Lymph Node Evaluation as a Colon Cancer Quality Measure: A National Hospital Report Card

Cancer Programs, American College of Surgeons, Chicago, IL 60611, USA.
Journal of the National Cancer Institute (Impact Factor: 12.58). 09/2008; 100(18):1310-7. DOI: 10.1093/jnci/djn293
Source: PubMed


Examination of 12 or more regional lymph nodes for colon cancer is associated with improved staging and survival, and the National Quality Forum recently endorsed lymph node examination for colon cancer as a quality surveillance measure. However, information regarding the extent of hospital compliance with the 12-node measure in the United States is lacking.
From the National Cancer Data Base, 1296 hospitals that performed 156 789 colectomies in 1996-1997 and 2004-2005 were identified, and rates of hospital-level compliance (defined as examination of >or=12 nodes in >or=75% of patients) in these two time periods were compared. Multivariable models were developed to determine if hospital type, volume, or differences in case mix were associated with 12-node measure compliance. All statistical tests were two-sided.
In 1996-1997, 15% of hospitals were compliant with the 12-node measure; in 2004-2005 the percentage of compliant hospitals had increased to 38%. From 1996-1997 to 2004-2005, 12-node measure compliance increased at 980 hospitals, remained unchanged at 6 hospitals, and decreased at 310 hospitals. In 2004-2005, National Cancer Institute-designated Comprehensive Cancer Centers were more frequently compliant with the 12-node measure than other academic hospitals, Veterans' Administration hospitals, or community hospitals (78.1% versus 52.4%, 53.1%, and 33.7%, respectively, all P < .001), even after adjustment for differences in characteristics of the colon cancer patients at these hospitals.
This study provides a national report card of nearly 1300 hospitals showing that more than 60% of institutions failed to achieve a compliance benchmark for the 12-node measure. Considerable improvement is needed in colon cancer nodal evaluation in the United States.

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Available from: Mark S Talamonti, Aug 04, 2014
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    • "We postulate that the major reasons are incomplete surgical resection and/or inadequate node sampling, resulting in inaccurate TNM staging. In the United States, more than 60% of colon cancer is under-staged after surgery [15]. At least 12 examined LNs is the benchmark for accurately ascertaining pathological node stage. "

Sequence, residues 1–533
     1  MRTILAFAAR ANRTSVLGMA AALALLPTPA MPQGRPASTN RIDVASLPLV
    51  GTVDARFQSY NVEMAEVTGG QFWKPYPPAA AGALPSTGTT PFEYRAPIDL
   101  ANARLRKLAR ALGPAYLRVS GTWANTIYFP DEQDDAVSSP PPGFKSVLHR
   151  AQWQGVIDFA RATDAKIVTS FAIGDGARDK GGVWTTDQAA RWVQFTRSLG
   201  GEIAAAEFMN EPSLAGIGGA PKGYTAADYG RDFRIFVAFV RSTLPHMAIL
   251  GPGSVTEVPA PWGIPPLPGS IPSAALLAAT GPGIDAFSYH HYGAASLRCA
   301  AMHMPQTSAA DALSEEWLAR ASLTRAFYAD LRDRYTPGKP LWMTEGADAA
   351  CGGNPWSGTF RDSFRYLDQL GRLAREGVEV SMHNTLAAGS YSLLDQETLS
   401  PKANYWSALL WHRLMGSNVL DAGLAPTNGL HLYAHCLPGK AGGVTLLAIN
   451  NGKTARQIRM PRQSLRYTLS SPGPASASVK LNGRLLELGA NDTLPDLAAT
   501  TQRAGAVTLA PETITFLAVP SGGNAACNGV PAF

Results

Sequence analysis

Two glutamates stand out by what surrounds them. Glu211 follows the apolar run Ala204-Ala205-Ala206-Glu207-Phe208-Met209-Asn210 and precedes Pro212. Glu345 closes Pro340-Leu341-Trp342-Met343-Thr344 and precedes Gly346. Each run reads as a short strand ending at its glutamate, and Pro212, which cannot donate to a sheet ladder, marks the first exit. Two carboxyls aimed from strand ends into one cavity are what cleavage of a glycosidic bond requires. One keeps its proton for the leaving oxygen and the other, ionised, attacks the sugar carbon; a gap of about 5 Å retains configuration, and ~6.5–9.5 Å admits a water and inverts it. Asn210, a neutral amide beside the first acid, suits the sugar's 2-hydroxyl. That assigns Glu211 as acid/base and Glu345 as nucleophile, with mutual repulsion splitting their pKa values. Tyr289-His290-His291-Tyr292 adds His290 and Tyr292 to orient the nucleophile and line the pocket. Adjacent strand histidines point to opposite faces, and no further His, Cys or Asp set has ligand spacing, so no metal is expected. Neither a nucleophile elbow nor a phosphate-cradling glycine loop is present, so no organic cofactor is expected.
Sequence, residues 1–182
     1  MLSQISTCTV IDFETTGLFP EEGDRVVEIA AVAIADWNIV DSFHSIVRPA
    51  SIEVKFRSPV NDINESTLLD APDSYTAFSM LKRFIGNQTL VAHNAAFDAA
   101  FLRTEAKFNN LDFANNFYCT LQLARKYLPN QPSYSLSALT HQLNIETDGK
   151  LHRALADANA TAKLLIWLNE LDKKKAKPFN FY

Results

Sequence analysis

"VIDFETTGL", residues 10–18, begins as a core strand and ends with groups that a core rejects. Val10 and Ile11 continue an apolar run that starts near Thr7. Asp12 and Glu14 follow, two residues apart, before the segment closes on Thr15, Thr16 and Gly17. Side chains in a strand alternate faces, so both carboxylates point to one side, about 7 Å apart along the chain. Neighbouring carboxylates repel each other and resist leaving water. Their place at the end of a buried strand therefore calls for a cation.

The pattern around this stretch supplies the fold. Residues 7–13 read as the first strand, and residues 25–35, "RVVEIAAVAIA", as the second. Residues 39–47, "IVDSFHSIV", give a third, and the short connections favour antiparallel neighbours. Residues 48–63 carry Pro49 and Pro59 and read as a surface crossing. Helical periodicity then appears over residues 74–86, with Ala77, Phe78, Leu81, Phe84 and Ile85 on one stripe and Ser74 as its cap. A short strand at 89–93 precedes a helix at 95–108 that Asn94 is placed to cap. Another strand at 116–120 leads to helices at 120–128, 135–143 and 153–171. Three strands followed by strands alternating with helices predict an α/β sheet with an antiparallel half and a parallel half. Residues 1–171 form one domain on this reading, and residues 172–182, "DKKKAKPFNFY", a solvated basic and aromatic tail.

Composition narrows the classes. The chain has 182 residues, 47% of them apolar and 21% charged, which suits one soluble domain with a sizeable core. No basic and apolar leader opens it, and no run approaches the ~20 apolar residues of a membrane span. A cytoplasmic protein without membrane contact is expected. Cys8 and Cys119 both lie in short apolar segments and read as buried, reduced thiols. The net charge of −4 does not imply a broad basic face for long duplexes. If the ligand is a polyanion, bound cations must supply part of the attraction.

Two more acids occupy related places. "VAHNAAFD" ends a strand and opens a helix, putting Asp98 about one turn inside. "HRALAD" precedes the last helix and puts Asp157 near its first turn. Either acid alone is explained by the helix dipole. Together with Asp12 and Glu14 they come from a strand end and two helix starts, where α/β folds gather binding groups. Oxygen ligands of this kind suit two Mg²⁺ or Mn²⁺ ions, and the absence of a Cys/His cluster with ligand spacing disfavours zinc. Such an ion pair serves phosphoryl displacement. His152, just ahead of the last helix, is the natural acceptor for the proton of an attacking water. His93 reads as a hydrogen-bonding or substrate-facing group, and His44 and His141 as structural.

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    ABSTRACT: Background Colon cancer with lymph node metastases has been considered as advanced stage and to have poor survival. We postulated that patients with solitary lymph node metastasis are a distinct subset with better colon cancer-specific survival than those with multiple lymph node metastases. Methods In this retrospective study, we searched Surveillance, Epidemiology, and End-Results (SEER) population-based data and identified 86,674 patients who had been diagnosed with colon cancer without distant metastases and with less than three metastatic nodes between 1991 and 2005. We divided lymph node status into three subgroups: pN0, pN1a, and pN1b and obtained 5-year colon cancer-specific survival for each pT stage. We used Kaplan–Meier and multivariate Cox regression models to assess correlations between risk factors and survival outcomes. Results Analysis of SEER data confirmed that patients with solitary lymph node metastases had better 5-year cancer-specific survival than pN1b according to both univariate and multivariate analysis. This finding was confirmed by further analyses in five pT subgroups. Cancer-specific survival of patients with pT1-2N1a was comparable to that of those with pIIA but higher than those with pIIB. In addition, survival of patients with pT3-4aN1a was better than those with pIIC. Conclusion Colon cancer patients with solitary lymph node metastasis are a distinct subset with a favorable prognosis; full consideration should be given to this in clinical practice.
    Full-text · Article · May 2014 · BMC Cancer
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    • "A total of 68.8% of patients had adequate nodal evaluation, as reflected by more than 12 lymph nodes examined in pathology specimens. This rate is higher than that reported by others [10,16-18], yet still presents an opportunity for improvement. "